Showing posts from 2013

Medieval Novgorod Through the Eyes of a Child

The Art of Onfim: Medieval Novgorod Through the Eyes of a Child By Paul Wickenden of Thanet
Introduction One of the most fascinating archeological finds in Russia has been the discovery of hundreds of "birchbark documents" (messages written on the bark of birch trees with a sharp stylus) that were created from the 11th to the 15th century.
The birchbark documents of Novgorod are a major source for information about life in Medieval Novgorod because they are not the writings of church theologians or political leaders, but rather, personal messages, IOUs, love letters, shopping lists, and so on. One of the most fascinating items, in my mind, is a collection of children's drawings that have been unearthed.
Children's drawings in the Middle Ages?! Even if such things were created in period, how could they have survived to the present day? After all, finger paints, magic markers, and crayons were not yet in use, paper was far too valuable of a commodity to waste…

SOUTHERN HISTORY TODAY-Moving Tom Watson: A battle over bronze and over memory

Southern history Not even past A battle over bronze and over memory Dec 7th 2013 | ATLANTA | From the print editionMoving Tom Watson FOR more than 80 years, a bronze statue of a stern-faced man in a frock-coat, one clenched fist at his side and one held over his head as though he were in mid-declamation, stood before the front entrance to Georgia’s capitol building. The statue is of Tom Watson, a fiery populist who in the late 19th and early 20th centuries served in Georgia’s legislature and both houses of Congress. He was also a publisher, essayist and vice-presidential candidate.
At first, Watson was a progressive agrarian populist, winning the support of rural blacks and whites alike. He came to abandon those ideals, writing vicious diatribes in his magazine against blacks (“an inferior being…not any more our brother than the apes are”), Jews (“thick-lipped rakes [who] glut their eyes upon handsome Gentile women”) and Catholics…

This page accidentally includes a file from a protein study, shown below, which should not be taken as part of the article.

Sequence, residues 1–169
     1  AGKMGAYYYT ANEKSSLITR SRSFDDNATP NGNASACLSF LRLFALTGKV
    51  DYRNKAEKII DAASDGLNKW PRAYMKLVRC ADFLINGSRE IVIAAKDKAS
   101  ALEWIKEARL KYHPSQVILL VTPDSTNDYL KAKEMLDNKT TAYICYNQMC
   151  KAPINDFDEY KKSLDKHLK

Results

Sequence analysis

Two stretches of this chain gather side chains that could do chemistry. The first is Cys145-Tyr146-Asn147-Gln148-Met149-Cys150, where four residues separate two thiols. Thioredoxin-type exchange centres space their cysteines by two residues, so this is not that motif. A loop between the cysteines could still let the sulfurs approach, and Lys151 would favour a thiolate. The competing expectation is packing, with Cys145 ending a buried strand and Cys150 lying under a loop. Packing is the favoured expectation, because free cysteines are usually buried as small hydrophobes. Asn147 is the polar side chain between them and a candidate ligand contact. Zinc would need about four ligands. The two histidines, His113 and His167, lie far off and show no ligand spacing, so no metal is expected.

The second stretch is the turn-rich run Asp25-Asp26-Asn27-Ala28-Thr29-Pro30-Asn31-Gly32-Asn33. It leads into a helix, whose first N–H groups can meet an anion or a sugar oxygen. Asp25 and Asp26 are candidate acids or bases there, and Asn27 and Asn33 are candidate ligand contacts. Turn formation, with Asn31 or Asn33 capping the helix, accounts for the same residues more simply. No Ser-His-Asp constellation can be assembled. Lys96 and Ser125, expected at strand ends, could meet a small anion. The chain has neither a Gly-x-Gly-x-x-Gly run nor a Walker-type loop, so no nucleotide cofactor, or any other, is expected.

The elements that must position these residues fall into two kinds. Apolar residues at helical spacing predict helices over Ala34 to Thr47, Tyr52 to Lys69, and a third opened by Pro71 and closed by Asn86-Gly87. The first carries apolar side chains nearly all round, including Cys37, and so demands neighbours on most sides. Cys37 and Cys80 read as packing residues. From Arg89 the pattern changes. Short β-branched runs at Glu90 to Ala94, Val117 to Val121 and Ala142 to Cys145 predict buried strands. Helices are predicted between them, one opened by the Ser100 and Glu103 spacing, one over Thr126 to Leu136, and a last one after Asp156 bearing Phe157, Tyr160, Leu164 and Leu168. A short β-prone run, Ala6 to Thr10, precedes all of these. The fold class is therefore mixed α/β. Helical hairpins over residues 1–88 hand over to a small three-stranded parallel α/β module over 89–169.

East Rock ~ New Haven 1948-1978/ Part I 1948-1950.

When you start to make something in the kitchen you have a dish in mind. Then you add everything together. In a small amount of time, the item is ready to be consumed-and admired.

For this memoir sojourn we commence with the end first. The completed dish, shall we say, before the cooking.

The house was everything. Muscular with softer shingle flaps slightly upturned from weathering and age. Eyelid dormers above perkier windows. Facing north, south, east, west. On a cProudly guarding its corner at Everit Street and East Rock Road, my grandmother's house at '239' held us close for decades. Without any me, we had to be protected by someone-or something. Our hose did exactythat. Hot when it was below freezing, cool in summer, sturdy when lightning struck everything around it. A best friend when my sister and I came home after school to do our homework and play by ourselves.

My granfather and grandmother moved into 239 Everit Street i  1910. They wer newlyweds.

Oakland Stock

Oakland Stock
Sunday, January 26th
Artist Deadline- Sunday, January 19th, 11:59 pm
Website for event-
How to get tickets to/or door info- reserve tickets at, pay at the door, cash only
Cost- $10

821 Washington Street
Old Oakland

Oakland Stock is part of the Sunday Soup network, supporting artists' projects
one bowl of soup at a time. Diners pay a small dinner fee, feast on a gourmet meal,
and listen to artists propose new projects that need funding. The diners vote on their
favorite project to support and the winning artist takes the money to use for her/his

The winner presents their project's progress of their winning at the next meal,
usually about 6 weeks later. Sometimes success in the art world seems pretty random.
Oakland Stock offers an opportunity for community members to support the cultural
production they find important through Food, Funding, Feedback, & Followup.
Support for Oakland S…

8th Annual Jingletown Winter ArtWalk Announced


“follow me, don’t chase me!” Photography by Jan Watten & Sculpture by Benjamin T. Smith